2. Have a colour palette set aside-
I'm a fairly organized person when it comes to projects. I like an organized desk and I like to have an idea of what colours I'll be using on a regular basis. This serves two functions: It takes the guess work out and it helps me track how much paint I'll need throughout the process. For more ideas on this look here: Illustration Tip- Creating A Colour Palette For Reference

3. Get all the deets-
The book contract is one thing but all the little details are what is going to keep you on the book rails. Big details include size, bleeds, preferred colours, room for text, how many pages-these are very important details to know early on.

4. Stay in touch-
Once you begin the big work stage, don't forget to check in every once and a while. Don't disapear from the scene just because you are busy. Come up for air and let them know you are still around.

5. Show some progress-
The images I am working on are too big for me to scan fully so I have been taking process shots and finished shots. Its nice to keep your publishing team involved in the process plus it can also prevent issues before the final work is sent off. Asking for feedback as you go can help save you time, frustration and many revisions.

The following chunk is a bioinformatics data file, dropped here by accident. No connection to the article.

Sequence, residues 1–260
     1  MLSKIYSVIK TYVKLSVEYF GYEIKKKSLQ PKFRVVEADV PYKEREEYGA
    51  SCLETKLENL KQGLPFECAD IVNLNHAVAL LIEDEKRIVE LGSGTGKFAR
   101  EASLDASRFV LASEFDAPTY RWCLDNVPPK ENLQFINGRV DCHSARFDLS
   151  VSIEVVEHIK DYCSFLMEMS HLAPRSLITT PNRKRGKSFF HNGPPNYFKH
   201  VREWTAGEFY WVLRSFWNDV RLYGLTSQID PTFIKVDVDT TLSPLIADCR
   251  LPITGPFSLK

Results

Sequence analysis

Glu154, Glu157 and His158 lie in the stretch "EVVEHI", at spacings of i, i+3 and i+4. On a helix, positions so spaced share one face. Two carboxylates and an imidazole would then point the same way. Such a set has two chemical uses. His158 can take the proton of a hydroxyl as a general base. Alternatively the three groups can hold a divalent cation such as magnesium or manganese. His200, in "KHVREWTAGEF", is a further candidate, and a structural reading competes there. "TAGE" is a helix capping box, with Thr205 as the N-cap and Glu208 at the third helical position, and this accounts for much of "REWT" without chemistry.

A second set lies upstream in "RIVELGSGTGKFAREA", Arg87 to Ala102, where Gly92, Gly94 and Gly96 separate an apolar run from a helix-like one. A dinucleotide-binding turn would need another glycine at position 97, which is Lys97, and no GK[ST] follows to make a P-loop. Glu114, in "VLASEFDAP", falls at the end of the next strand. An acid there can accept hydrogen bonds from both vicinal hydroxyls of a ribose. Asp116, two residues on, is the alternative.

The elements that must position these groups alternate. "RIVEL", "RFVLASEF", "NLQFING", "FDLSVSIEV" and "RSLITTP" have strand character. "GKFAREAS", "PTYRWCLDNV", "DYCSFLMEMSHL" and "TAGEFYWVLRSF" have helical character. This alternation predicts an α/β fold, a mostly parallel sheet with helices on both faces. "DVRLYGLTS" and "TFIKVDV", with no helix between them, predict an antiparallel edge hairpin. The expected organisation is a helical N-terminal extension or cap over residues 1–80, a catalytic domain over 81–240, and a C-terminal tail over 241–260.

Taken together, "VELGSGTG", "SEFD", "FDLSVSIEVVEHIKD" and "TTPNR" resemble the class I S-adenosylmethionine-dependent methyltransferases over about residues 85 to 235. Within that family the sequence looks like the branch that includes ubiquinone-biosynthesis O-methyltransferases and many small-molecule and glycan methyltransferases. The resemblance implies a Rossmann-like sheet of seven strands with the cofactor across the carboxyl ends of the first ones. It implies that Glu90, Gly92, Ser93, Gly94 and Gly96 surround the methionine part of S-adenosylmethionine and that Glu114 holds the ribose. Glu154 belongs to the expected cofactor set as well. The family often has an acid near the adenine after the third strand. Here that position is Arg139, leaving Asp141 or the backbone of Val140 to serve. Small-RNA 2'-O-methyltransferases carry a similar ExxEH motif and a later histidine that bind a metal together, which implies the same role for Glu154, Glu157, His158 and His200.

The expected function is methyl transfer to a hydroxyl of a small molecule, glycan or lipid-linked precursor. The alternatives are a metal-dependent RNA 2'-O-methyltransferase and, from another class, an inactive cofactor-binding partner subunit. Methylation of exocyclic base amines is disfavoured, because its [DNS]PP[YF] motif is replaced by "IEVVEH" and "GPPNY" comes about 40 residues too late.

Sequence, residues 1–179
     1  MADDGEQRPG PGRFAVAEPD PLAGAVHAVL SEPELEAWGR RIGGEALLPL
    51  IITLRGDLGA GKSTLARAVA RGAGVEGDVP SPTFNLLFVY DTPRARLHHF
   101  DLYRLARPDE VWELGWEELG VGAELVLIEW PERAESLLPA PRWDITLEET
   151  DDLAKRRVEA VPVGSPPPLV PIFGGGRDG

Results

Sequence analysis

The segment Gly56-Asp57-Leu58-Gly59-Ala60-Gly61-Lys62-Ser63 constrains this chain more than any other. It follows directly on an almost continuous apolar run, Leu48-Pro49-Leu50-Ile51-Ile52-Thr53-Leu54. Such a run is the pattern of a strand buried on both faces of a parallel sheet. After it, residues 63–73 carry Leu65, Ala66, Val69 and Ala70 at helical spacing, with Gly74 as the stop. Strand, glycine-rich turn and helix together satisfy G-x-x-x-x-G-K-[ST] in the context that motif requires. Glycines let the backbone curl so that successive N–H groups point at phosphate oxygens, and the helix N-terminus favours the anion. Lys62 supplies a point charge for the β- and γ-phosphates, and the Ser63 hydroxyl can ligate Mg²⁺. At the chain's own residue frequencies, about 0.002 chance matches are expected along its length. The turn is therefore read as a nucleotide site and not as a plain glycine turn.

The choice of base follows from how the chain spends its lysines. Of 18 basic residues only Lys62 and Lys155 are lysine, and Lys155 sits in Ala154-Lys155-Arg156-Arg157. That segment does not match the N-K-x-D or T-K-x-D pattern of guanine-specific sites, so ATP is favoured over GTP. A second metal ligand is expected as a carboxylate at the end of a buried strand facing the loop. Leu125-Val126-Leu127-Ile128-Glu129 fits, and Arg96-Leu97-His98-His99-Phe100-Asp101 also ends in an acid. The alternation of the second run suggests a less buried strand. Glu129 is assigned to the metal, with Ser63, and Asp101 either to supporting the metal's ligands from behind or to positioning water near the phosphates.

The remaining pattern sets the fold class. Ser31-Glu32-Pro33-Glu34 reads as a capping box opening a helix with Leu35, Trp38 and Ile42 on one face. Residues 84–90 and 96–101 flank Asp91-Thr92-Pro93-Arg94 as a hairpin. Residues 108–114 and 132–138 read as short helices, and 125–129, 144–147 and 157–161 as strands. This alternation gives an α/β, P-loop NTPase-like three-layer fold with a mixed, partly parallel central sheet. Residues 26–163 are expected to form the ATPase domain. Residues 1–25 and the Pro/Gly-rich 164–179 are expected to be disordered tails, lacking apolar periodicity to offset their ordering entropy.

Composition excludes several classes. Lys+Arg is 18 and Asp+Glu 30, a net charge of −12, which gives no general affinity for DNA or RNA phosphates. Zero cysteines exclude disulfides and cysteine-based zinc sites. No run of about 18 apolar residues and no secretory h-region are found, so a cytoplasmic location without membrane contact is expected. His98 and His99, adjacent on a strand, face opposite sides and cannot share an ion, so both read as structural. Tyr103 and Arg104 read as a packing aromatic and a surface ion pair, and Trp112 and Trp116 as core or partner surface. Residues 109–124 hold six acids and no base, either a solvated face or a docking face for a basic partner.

6. Give yourself lots of time to complete the illustrations- 
Tacking on extra time to complete your book task is a good code to create by. If you know the due date is in two months do not delay. Always keep it in the back of your mind that things can happen like sickness, other projects, holidays and mistakes. 

7. Make sure you have all the materials you need in advance- 
Materials such paper, paint, brushes should be stocked and ready to go. Ordering supplies takes time and so does prepping the materials before you get rolling. 

That is what I have observed so far as I keep moving along towards the deadline. I'll keep you posted- deadline is coming up at the end of October. :)

Friday, September 14, 2012

How I Feel About Illustration Part 1!

I love defining things and coming up with new ways to describe illustration. When I am asked about what I do for a living I try to mix it up-I find this gives me a certain motivating energy that comes from doing that. My latest illustration description:

Illustration is a ticket to the greatest show on earth! 

Tuesday, August 28, 2012

My Definition Of Creative Idling

Sometimes you just have to stop to let the good stuff in! 

Creative idling: basically it means stopping. 

I get days when being an adult with constant multi-tasking feels completely over rated. In a nutshell, I'm busy. I've got a lot to do. I often get caught in the weeds!